Unravelling the Mystery of Panic Disorders
In today’s fast-paced world, anxiety has become a common occurrence in many people’s lives. For some, anxiety can escalate into something more severe, leading to panic disorders. These conditions can be debilitating, impacting various aspects of life, but with the right understanding and management, individuals can regain control. In this blog, we will delve into the realm of panic disorders, exploring their symptoms, causes, diagnosis, and management.
Anxiety is a natural response to stress, alerting us to potential threats and keeping us safe. In moderate amounts, it can be a motivating factor, urging us to perform better or avoid dangerous situations. However, when anxiety becomes overwhelming and disproportionate to the situation at hand, it may lead to a range of anxiety disorders, including panic disorders.
What is a panic disorder?
Panic disorder is an anxiety disorder characterized by recurrent and unexpected panic attacks. Panic attacks are intense episodes of fear and discomfort, which can reach their peak within minutes. Individuals experiencing panic attacks might feel an impending sense of doom, along with physical symptoms such as a pounding heart, sweating, trembling, shortness of breath, chest pain, dizziness, and a feeling of detachment from reality.
Symptoms of Panic Disorder
In addition to the symptoms during panic attacks, individuals with panic disorder may also experience persistent worry about having future attacks. They might change their behaviours to avoid triggering situations or places where panic attacks have occurred before. This avoidance behaviour can significantly impact their daily life and lead to social isolation.
What Causes Panic Disorders?
The exact cause of panic disorders is not entirely understood. However, research suggests that a combination of genetic, biological, environmental, and psychological factors play a role. Family history of anxiety disorders, major life changes, trauma, and chronic stress are some potential contributing factors. Neurotransmitter imbalances in the brain, specifically involving serotonin and norepinephrine, may also influence the development of panic disorders.
When Should I See My Doctor?
If you or someone you know is experiencing recurrent and unexpected panic attacks or chronic anxiety that interferes with daily life, it is essential to seek professional help. A licensed mental health professional, such as a psychiatrist or psychologist, can conduct a comprehensive evaluation to determine if panic disorder or another anxiety disorder is present.
How Are Panic Disorders Diagnosed?
The diagnosis of panic disorder is primarily clinical, based on a thorough evaluation of symptoms, medical history, and any underlying medical conditions. The mental health professional will also assess the presence of any other co-occurring mental health disorders. It is crucial to be honest and open during the assessment to receive an accurate diagnosis.
How Are Panic Disorders Managed?
Fortunately, panic disorder is treatable, and various effective approaches can help individuals manage their symptoms and improve their quality of life. The treatment plan may include:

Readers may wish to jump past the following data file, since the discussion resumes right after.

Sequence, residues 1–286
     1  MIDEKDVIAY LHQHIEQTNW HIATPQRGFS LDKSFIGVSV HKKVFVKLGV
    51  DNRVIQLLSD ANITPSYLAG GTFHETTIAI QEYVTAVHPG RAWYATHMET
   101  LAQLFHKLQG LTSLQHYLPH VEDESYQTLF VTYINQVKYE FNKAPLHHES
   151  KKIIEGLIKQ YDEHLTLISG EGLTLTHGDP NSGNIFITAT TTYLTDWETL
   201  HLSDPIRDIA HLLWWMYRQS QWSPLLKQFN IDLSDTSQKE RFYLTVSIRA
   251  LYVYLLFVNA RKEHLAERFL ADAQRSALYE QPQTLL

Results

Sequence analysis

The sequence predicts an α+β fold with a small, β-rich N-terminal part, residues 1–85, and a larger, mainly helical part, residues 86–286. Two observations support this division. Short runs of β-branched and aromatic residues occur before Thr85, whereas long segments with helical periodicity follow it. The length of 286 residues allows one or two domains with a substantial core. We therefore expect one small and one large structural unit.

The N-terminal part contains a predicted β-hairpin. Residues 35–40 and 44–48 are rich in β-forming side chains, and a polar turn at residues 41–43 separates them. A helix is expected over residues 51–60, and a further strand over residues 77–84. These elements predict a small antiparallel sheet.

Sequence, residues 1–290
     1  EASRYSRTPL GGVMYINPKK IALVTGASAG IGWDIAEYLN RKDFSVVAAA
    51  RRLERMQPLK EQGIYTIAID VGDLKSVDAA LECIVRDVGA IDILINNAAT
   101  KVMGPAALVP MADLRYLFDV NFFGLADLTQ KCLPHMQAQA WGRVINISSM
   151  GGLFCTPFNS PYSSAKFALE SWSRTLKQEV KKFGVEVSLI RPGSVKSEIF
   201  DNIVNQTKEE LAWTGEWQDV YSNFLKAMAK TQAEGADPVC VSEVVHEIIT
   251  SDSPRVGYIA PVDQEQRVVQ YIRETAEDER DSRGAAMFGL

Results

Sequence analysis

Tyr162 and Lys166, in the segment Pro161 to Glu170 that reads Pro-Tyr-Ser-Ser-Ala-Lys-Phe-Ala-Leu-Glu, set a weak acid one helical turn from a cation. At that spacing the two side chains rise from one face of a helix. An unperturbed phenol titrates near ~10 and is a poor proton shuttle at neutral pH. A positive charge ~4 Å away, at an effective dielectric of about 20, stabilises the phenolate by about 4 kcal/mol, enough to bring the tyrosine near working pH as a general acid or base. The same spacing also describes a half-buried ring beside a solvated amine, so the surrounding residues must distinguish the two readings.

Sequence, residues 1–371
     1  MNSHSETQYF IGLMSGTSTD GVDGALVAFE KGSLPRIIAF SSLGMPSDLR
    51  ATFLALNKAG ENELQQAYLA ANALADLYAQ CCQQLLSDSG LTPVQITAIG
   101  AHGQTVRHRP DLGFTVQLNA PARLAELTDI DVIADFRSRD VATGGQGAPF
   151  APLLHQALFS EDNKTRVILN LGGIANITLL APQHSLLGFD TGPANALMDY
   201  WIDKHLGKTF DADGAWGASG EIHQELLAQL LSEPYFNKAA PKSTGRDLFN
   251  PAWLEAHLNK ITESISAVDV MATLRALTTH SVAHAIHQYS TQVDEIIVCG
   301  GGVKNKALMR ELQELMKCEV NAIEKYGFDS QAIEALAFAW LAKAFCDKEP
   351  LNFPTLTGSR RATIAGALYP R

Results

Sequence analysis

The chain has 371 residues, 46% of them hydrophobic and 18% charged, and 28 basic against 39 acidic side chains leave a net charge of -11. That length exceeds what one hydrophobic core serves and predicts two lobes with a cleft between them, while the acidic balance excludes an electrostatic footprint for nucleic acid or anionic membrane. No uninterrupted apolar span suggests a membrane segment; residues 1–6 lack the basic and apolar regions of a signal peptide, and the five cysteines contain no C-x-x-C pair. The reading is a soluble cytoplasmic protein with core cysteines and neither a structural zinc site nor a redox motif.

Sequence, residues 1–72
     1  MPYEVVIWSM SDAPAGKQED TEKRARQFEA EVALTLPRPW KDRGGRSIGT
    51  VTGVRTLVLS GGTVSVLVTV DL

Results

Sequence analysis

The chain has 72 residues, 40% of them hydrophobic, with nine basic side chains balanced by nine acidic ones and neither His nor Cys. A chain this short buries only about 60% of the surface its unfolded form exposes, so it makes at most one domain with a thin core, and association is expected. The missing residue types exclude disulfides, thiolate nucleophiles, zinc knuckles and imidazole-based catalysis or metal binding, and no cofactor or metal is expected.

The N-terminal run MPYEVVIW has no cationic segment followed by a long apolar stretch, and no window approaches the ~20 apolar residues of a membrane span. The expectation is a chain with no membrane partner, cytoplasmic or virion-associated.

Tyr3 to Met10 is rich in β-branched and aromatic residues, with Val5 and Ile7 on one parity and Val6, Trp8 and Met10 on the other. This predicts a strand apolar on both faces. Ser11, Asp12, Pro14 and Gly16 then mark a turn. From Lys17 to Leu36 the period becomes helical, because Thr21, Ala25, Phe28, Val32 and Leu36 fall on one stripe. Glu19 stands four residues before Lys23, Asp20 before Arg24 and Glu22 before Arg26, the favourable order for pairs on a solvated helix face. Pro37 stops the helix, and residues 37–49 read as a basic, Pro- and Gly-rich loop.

- Therapy: Cognitive-behavioural therapy (CBT) is often the first-line treatment for panic disorder. CBT helps individuals identify and modify negative thought patterns and behaviours that contribute to panic attacks. Exposure therapy, a type of CBT, can gradually desensitize individuals to triggering situations, reducing avoidance behaviours.
- Medication: In some cases, medication may be prescribed to manage panic disorder symptoms. Antidepressants, particularly selective serotonin reuptake inhibitors (SSRIs) or serotonin-norepinephrine reuptake inhibitors (SNRIs), are commonly used.
- Relaxation Techniques: Learning and practicing relaxation techniques, such as deep breathing, mindfulness, and progressive muscle relaxation, can help individuals cope with anxiety and reduce the intensity of panic attacks.
- Lifestyle Changes: Adopting a healthy lifestyle that includes regular exercise, a balanced diet, sufficient sleep, and limiting alcohol and caffeine intake can positively impact anxiety levels.
- Support Groups: Engaging in support groups or talking with others who have experienced similar challenges can provide emotional support and a sense of understanding.
Panic disorders can be overwhelming and distressing, but they are not insurmountable. Understanding anxiety and recognizing the symptoms of panic disorders are vital steps toward seeking help and effective management. With the right combination of therapies, medications, and lifestyle changes, individuals can regain control of their lives and overcome panic disorders, allowing them to embrace a future free from the shackles of anxiety. Remember, it’s okay to seek help, and reaching out is the first step toward healing and recovery.
Get A Referral To See A Psychologist
To be able to claim a Medicare rebate you will need to speak to your GP to refer you to a psychologist. Once you have initiated your Mental Health Treatment Plan you can claim a rebate from Medicare for up to 10 appointments with a clinical psychologist. Mention this in your initial call and we can guide you in this process.